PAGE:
When the big garage at the end of their street burns down, a young girl basks in the glory of being the one who can deliver the news to the rest of the street, only to find her cachet dwindling as the astonishment fades.
A clever little story, with a strong and witty voice.
A man feels uncomfortable at a children’s party because of his affair with the hostess, some unfortunate events related to his drinking, and the hostess’ husband’s collection of war memorabilia.
There is remarkable language in this story – the suburban garden party and all its discomfort really comes to life – and the back story is never disclosed, allowing the reader to imagine the worst. Wry and dark.
A married woman goes into the city for Christmas shopping and to have a brief affair; she finds a man who is not at all what she bargained for.
This is a chilling story – it reminded me a little of Muriel Spark’s “Driver’s Seat,” with the protagonist’s headlong charge into danger. It has moments of sweetness and joy, and then a dark turn that isn’t unexpected but is no less disturbing for its inevitability.
A teen’s father, then neighbor, then aunt, disappear in a blink of the eye in a muddy spot in the backyard; when they return they’re not quite the same.
This is a quietly unsettling little story that refuses to wrap up neatly.
A woman who needs to find a book to write a report on for her adult literacy program stumbles on a room in the library that is “temporally out of order,” and finds a surprising reading list built of her dreams.
Just a sweet and magical little story about libraries, books, reading, and time.
A woman finds her home, and her husband, inexplicably shrinking.
A nice little weird tale, with a nice closing image of expansiveness overcoming the ratcheting reduction that characterizes the story.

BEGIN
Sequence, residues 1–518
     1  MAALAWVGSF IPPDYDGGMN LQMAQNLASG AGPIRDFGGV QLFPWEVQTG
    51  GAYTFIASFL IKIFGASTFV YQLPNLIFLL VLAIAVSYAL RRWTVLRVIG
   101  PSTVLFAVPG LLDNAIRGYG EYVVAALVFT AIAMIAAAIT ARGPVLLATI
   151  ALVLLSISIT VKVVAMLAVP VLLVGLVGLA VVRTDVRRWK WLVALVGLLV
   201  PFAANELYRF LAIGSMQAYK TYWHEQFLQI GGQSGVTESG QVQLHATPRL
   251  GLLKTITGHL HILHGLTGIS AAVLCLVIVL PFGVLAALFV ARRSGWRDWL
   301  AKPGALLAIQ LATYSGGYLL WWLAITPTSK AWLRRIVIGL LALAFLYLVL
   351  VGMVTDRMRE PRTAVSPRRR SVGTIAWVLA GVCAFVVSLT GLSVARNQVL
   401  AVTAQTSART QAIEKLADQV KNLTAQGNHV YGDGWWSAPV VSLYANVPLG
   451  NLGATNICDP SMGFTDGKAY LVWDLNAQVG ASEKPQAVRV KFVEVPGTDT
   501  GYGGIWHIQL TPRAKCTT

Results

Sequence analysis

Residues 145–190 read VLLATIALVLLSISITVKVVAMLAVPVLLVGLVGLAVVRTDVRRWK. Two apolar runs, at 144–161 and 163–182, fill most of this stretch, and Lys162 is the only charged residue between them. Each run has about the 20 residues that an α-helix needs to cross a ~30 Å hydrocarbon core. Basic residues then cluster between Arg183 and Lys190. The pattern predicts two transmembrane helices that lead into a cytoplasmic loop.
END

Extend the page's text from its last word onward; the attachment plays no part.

A hook-up goes terribly wrong.
A nicely squelchy horror story – terrors are presented with no explanation or back story, sort of like an intense short film, with haunting and disturbing images.
A woman moves to a posh suburb with her husband and senses danger and terror beneath the serene surfaces.
This is a good story that builds subtle dread; it’s never clear whether Marisol’s terrifying visions are a result of her feeling out of place, her lack of sleep, actual malice, or a combination of all of these factors.
Mysterious murders, with the victims found with hands and heads covered in paint, lead a man to believe that someone is seeking revenge for a terrible crime he participated in long ago.
This story steadily unwinds two gruesome events – one in the past, one in the present – and does a good job of building tension.
A man on vacation with his mistress is haunted by guilt and frightening premonitions.
This is an elusive little story; I wasn’t sure at first if the images of a car crash were premonitions, or memories – that the two characters never interact with anyone else, at least in view of the reader, and seem to be penned into a claustrophobic space, made me wonder if they weren’t already dead and condemned to some strange hell.